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Aminolevulinic acid dehydratase deficiency porphyria

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Aminolevulinic acid dehydratase deficiency porphyria
Other namesPorphyria due to ALA dehydratase deficiency
Autorecessive.svg
ALA dehydratase deficiency has an autosomal recessive pattern of inheritance.

Aminolevulinic acid dehydratase deficiency porphyria (also known as "Doss porphyria",[1] "plumboporphyria",[1] or "ADP"[2]) is a rare autosomal recessive metabolic disorder that results from inappropriately low levels of the enzyme delta-aminolevulinic acid dehydratase (ALAD), which is required for normal heme synthesis. This deficiency results in the accumulation of a toxic metabolic precursor in the heme synthesis pathway called aminolevulinic acid (ALA). [2] Heme is a component of hemoglobin which carries oxygen in red blood cells.

ALA dehydratase deficiency is a rare cause of hepatic porphyria, meaning that excess porphyrins originate from the liver rather than the bone marrow as in erythropoietic porphyrias.[3][4]

Signs and symptoms

The clinical presentation of ADP includes a wide range of neurologic and gastrointestinal symptoms.[2] The severity of symptoms is dependent on how functional the ALAD enzyme is in each person. The higher the enzyme activity, the fewer symptoms a person will exhibit and the later they will present. The less functional a persons ALAD enzyme is, the earlier they will present and the more severe their symptoms will be.

The disease can present during early childhood (as well as in adulthood) with acute neurologic symptoms that resemble those encountered in acute intermittent porphyria.[1] Patients can also have gastrointestinal symptoms during acute attacks, including abdominal cramping, vomiting, and constipation.[2] Gastrointestinal symptoms can result in failure to thrive and poor weight gain in children. Other symptoms that can occur during an acute attack include a rapid heart beat, high blood pressure, and respiratory difficulties.[2]

Acute attacks can last for weeks and are also called "neurovisceral" attacks due to the neurological complications associated. Patients have reported numbness and tingling in the extremities, seizures, burning pain, poor coordination, inability to move muscles voluntarily, and psychological disturbances.[2] Psychosis, though rare, has occurred in severe instances.

Many triggers have been identified for acute ADP attacks including fasting, a low carb diet, dehydration, alcohol intake, the use of estrogen or progesterone, certain drugs, and other mental and physical stressors.[2]

Genetics

ALA dehydratase deficiency is inherited in an autosomal recessive manner.[3] This means a defective gene responsible for the disorder is located on an autosome, and two copies of the defective gene (one inherited from each parent) are required in order to be born with the disorder. The parents of an individual with an autosomal recessive disorder both carry one copy of the defective gene, but usually do not experience any signs or symptoms of the disorder.

In conditions where both parents are carriers:

  • The risk of having a child with ADP is 25% for each pregnancy.[5]
  •  The risk of having a child who is also a carrier is 50%.[5]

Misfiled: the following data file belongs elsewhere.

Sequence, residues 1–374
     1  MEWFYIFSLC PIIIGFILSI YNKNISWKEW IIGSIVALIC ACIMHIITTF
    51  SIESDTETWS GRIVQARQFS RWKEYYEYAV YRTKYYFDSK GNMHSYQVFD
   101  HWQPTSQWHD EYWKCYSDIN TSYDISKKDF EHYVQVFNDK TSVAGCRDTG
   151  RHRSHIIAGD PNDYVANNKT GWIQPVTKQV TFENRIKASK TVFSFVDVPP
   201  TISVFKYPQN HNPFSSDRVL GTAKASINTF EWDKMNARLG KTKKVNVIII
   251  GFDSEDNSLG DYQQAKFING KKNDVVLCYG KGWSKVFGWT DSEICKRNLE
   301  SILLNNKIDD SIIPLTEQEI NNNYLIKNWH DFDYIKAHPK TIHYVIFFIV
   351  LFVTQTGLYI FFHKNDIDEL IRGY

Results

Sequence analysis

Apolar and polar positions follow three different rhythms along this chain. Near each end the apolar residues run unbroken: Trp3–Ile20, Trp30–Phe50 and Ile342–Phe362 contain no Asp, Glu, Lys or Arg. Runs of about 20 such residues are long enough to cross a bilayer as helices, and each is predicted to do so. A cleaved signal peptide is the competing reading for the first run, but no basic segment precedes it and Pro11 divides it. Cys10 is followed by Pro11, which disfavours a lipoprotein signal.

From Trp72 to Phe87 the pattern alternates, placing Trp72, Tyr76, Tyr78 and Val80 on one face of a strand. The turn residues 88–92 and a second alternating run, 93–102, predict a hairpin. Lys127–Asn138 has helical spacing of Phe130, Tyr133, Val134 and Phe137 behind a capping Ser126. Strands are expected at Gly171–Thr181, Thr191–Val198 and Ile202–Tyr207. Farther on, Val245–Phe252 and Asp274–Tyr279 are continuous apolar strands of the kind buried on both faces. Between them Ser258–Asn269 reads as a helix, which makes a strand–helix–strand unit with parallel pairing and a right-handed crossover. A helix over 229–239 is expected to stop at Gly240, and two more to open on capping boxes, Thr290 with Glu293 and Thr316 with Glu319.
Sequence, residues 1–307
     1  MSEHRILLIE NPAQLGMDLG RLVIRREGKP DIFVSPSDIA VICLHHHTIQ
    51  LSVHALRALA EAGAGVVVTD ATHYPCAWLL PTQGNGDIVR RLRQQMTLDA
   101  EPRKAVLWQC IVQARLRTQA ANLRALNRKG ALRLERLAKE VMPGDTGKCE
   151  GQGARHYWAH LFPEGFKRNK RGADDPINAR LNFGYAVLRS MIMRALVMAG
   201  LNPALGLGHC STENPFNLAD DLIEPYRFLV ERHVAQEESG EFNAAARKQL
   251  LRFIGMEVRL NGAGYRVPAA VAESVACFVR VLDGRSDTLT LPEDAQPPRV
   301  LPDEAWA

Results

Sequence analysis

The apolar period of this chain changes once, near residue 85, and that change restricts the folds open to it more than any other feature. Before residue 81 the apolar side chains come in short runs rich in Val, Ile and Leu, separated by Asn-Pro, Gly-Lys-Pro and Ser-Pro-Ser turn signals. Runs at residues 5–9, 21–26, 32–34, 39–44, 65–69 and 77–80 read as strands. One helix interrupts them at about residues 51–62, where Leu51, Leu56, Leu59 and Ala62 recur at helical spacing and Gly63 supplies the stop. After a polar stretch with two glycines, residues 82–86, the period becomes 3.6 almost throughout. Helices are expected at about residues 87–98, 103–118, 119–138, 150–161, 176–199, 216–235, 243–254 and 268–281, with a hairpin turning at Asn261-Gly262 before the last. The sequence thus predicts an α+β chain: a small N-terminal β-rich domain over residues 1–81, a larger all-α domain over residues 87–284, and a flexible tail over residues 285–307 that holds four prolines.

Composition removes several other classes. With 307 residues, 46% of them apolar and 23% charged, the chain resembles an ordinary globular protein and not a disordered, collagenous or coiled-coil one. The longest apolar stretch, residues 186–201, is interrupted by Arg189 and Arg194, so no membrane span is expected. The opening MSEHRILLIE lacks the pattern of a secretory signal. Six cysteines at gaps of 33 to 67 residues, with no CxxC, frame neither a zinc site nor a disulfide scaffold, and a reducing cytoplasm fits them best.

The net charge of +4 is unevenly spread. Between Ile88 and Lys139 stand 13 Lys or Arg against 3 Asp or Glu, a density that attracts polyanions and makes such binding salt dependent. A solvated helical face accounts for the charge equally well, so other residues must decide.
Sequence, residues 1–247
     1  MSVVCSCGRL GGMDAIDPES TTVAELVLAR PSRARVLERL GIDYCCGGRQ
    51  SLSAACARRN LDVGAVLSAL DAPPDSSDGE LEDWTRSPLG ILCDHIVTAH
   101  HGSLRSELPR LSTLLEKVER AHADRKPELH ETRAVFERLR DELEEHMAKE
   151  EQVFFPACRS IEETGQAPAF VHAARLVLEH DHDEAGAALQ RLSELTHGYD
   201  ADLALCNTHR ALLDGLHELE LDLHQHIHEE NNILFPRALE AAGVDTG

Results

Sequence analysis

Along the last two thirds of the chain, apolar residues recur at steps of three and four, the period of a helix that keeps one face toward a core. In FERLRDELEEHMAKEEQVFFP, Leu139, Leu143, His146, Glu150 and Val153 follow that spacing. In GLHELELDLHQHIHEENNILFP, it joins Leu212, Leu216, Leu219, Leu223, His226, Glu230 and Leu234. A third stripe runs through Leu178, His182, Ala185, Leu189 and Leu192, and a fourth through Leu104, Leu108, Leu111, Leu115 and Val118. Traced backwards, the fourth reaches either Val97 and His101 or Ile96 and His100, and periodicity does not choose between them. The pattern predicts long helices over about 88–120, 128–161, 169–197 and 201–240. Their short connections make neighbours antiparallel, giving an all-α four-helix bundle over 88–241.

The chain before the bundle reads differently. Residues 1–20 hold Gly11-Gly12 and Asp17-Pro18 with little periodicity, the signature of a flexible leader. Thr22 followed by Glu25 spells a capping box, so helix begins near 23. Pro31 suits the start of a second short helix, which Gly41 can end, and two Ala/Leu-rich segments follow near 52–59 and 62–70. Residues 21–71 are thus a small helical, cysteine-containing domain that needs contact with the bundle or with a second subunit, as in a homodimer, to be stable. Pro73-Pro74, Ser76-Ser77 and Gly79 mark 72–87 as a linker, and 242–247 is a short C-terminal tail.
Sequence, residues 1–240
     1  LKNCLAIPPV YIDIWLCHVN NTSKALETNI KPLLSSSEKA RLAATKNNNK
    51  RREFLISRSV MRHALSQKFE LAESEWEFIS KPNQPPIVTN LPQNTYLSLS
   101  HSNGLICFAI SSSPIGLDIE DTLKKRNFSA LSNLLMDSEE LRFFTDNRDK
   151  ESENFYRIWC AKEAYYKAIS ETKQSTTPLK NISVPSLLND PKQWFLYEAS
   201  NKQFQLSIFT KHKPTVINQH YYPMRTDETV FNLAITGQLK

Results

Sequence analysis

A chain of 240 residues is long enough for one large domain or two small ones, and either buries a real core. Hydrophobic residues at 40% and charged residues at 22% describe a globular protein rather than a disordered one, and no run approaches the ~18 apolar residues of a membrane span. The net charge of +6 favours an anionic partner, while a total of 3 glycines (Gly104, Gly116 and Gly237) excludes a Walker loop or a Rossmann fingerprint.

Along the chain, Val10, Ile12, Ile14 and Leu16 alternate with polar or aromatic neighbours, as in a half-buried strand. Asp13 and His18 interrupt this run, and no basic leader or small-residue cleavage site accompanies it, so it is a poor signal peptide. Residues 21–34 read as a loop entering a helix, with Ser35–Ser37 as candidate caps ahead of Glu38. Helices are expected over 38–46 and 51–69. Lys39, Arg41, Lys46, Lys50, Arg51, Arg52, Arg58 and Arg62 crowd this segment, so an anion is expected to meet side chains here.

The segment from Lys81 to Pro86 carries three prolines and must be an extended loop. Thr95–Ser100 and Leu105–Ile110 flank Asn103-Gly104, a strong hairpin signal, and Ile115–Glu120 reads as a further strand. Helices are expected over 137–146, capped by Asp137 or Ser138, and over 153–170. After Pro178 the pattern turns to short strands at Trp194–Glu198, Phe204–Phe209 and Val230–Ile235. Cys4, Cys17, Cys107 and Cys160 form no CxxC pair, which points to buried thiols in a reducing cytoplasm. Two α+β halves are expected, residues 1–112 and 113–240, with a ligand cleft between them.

•  The chance of having a child who is unaffected and is not a carrier is 25%.[5]

Diagnosis

To make a diagnosis, the relevant presenting symptoms and a detailed patient history must be considered in addition to obtaining biomarkers in the urine or blood. These biomarkers include urine porphobilinogen (PBG), aminolevulinic acid (ALA), and porphyrins found in blood and urine.[2] PBG levels fluctuate and are best measured during the onset of acute symptoms.[2] ALA levels are increased in ADP and correlate with the severity of the disease.[6]

If levels of porphyrins are significantly elevated, DNA testing can be performed to determine the specific mutations in the ALAD gene. [2][6] DNA analysis is the most specific test for making a diagnosis of ADP.[6]

Treatment

Supportive care and treatment of symptoms are the typical management options for ADP. During acute attacks, patients are often hospitalized and given medications for nausea/vomiting, rapid heartbeat, and hypertension while their fluid and electrolyte levels are monitored.[2] Glucose supplementation and intravenous hematin are the mainstay of treatment for acute attacks.[2] Avoiding physical and psychological stressors has been shown to limit the reoccurrence of attacks.[2][5]

Specific drugs have been identified that can trigger ADP attacks. Inducers of the CYP-450 enzymes are drugs that should be discontinued or avoided in patients with ADP. Drugs included in this category are anti-convulsants like phenytoin and carbamazepine, and other drugs like barbiturates, St. John's wort, and rifampin.

Prevalence

The condition is extremely rare, with fewer than 10 cases ever reported.[7] All reported cases have been seen in males.[2] A feature of ADP that separates it from other porphyrias is that it is more prevalent in males than in females.[2] However, it theoretically affects males and females at the same rate. Most cases have been identified in Europe but it can occur in any population.[5]

See also

References

  1. 1.0 1.1 1.2
  2. 2.00 2.01 2.02 2.03 2.04 2.05 2.06 2.07 2.08 2.09 2.10 2.11 2.12 2.13 2.14
  3. 3.0 3.1
  4. 5.0 5.1 5.2 5.3 5.4
  5. 6.0 6.1 6.2
  6. Overview of the Porphyrias Archived 2011-07-22 at the Wayback Machine at The Porphyrias Consortium (a part of NIH Rare Diseases Clinical Research Network (RDCRN)) Retrieved June 2011

External links

Classification
External resources


 

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